Racism, Bias, and Discrimination: The Psychological Impact

The year is 2020. Many of us find it hard to believe that racism and discrimination still exist. But, unfortunately, racism and discrimination exist within the minds of our family, friends, and neighbors. These are real issues that spread like weeds. A tiny seed planted, that grows until it becomes a major problem. Make 2021 the year that we rid the entire world of racism, bias, and discrimination.

What Is Racism

Racism is the idea, or belief, that a single race reigns champion over the others. It’s the thought that one race is superior to all other races. This idea leads to prejudice and discrimination. Although this idea, in and of itself, is egotistical and biased, it often leads to horrendous acts and racial mistreatment. 

Racist ideas and beliefs turn into racial bias, or ideas and assumptions made based on an individual’s skin color. Racial bias often leads to acts of discrimination. These acts are conducted in response to the ideas and assumptions made regarding an individual’s skin color.

When acts of discrimination begin to occur in mass amounts it leads to institutional racism. Systematic, or institutional racism is the common practice of assigning value to someone based on the color of their skin, or race. This assignment of an individual’s value of life can either increase or reduce, their chance of success through the availability of opportunities. 

These opportunities include wealth, education, employment, housing, and justice. The disparities in these opportunities largely impact an individual’s quality of life. Which brings us to the psychological impact of racism, bias, and discrimination.

The Psychological Impact

Consider this, from a very young age, children of minority groups are frequently exposed to racism. They witness their parents struggle with it, they hear about it in music and on television, and they face it in their own lives. Science has proven that our experiences throughout early childhood affect our brain’s development and cling to us throughout our lives. 

As these children age, they begin to feel the effects of racism more strongly. They begin to understand the derogatory context and see the differences in the treatment they receive compared to a caucasian child. These signals could cause an inferiority complex.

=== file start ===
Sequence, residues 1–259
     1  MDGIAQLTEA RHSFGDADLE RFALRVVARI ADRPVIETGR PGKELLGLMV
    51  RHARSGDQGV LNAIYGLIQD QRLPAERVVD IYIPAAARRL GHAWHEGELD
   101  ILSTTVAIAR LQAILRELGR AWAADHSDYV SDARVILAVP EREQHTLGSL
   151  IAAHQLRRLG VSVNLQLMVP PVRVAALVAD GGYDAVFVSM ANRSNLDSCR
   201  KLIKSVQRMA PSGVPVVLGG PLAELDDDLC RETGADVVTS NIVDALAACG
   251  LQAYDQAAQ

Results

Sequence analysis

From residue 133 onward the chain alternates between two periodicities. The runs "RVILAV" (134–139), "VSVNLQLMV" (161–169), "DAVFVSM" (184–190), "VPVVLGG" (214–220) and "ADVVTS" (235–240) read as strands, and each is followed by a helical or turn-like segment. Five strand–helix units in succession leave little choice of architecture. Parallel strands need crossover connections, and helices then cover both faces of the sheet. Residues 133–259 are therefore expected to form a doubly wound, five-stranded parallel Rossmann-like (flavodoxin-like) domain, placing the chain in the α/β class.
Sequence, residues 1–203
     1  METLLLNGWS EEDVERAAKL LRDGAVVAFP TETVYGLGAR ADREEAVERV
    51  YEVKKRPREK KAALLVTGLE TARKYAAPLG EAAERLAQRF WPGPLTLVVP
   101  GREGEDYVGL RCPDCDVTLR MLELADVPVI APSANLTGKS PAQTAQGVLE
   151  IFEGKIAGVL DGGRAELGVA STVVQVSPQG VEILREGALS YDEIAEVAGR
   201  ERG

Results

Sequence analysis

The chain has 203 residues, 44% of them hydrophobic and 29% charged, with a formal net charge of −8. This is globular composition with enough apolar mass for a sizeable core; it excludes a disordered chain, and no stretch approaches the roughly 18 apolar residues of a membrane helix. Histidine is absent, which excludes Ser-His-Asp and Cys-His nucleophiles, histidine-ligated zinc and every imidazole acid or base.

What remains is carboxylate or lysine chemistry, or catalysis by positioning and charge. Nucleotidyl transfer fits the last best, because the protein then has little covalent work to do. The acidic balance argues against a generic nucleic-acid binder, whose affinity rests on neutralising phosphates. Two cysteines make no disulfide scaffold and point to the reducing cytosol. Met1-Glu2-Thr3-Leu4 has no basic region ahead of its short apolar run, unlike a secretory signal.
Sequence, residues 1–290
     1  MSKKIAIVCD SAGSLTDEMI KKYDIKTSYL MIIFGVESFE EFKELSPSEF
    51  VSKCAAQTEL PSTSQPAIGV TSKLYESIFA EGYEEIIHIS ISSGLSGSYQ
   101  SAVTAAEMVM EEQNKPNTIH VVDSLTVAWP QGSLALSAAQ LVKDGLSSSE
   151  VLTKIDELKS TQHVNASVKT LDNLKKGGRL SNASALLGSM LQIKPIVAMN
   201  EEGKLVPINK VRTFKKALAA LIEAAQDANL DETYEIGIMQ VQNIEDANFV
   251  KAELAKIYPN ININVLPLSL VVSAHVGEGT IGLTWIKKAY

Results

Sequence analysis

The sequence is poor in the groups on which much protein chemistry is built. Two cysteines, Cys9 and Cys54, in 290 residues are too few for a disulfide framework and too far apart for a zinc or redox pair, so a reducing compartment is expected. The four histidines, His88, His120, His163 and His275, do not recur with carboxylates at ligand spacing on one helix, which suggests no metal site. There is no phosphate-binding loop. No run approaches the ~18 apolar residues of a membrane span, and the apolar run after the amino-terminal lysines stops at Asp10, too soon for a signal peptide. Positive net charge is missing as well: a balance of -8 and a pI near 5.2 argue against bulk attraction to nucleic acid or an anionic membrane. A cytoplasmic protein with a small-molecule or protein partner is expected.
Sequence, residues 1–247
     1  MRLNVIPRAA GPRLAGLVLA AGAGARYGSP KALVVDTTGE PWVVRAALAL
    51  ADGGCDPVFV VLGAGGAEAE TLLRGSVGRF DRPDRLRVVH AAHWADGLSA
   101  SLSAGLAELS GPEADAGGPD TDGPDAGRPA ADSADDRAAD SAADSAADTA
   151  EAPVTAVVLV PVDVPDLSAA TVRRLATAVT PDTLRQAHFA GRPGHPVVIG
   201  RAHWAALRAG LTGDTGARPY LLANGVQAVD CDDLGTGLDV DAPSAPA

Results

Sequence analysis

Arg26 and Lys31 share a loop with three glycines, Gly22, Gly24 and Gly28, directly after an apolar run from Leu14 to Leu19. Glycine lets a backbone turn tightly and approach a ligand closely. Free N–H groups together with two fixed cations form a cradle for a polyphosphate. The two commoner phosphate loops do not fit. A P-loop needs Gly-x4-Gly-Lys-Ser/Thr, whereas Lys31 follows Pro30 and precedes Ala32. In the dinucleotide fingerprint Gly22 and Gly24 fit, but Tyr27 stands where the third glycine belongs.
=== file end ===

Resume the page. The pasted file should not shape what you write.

Imagine going through life, constantly feeling the need to prove yourself. Do you think that it would have a lasting psychological impact? My assumption is that it would. 

Racism is a Source of Stress and Anxiety

Racism is a cruel and unfair idea. It is a belief that many minorities fear. It is an idea that is impossible to see. For some people, they are constantly looking over their shoulders, trying to determine where this idea could be hiding. Always trying to determine who believes in this idea and how to avoid those that do believe in it. 

This invisible evil is a source of stress and anxiety. Racism typically rears its ugly head in three ways. The first is verbal or physical assault due to ethnicity or skin color. The second is a lack of opportunity, and the third is racial misappropriation. 

Unfortunately, there are still too many people that utilize racial slurs and dare to use those slurs when speaking to another individual. Though they may simply be ignorant words, they still hurt. In many cases, this hurt is internalized. 

Internalization and Avoidance of Negative Feelings

When faced with racism, the offended party may become angry, sad, or anxious, all of which are reasonable reactions to the situation. But, then these emotions become internalized because the individual feels bad about being upset. 

These feelings can be avoided by encouraging each other to accept our emotions and own them. No matter who we are, what color we are, where we are from, we have every right to feel the way we feel. There is no shame in that. 

Forcing ourselves to pretend to be okay with something that we find dejecting and hurtful is harmful to our mental health. It is okay to not be okay with racism. In fact, I urge you to reject the notion. It does not mean that you are too sensitive and should never accept someone treating you as though you are less than. We are all equal and it is time that we all treat each other as equals. 

A Perception of Lack in Control

Over time, these negative experiences with racism may cause individuals to develop a perception of a lack of control. They may begin to wonder why nothing they do seems to help. This is depressing and infuriating for many. 

When faced with discrimination and bias decision making, it can feel like it does not matter how hard you work or how determined you are to succeed, because it feels like nothings changing. 

In America, we believe that citizens should work hard, be respectful, and live according to specific rules set by society. If we do these things than society will accept us. 

However, minorities may do all of these things and still face backlash due to their ethnicity or skin color. This leads to a perception of a lack of control in how society views you and what they expect from you. 

Mental Health Statistics: Minorities in the U.S

Minorities face many different forms of stress on a daily basis. Racism is a form of toxic stress. But, added to racism, minorities experience more violence, more financial hardship, and more discrimination than white Americans. These stressors tend to build over time until they become a mental health issue.

Published by alswartz

I am an aspiring novelist working on my first book. I have an interest in mental health and each of my works is related to mental health in some way.

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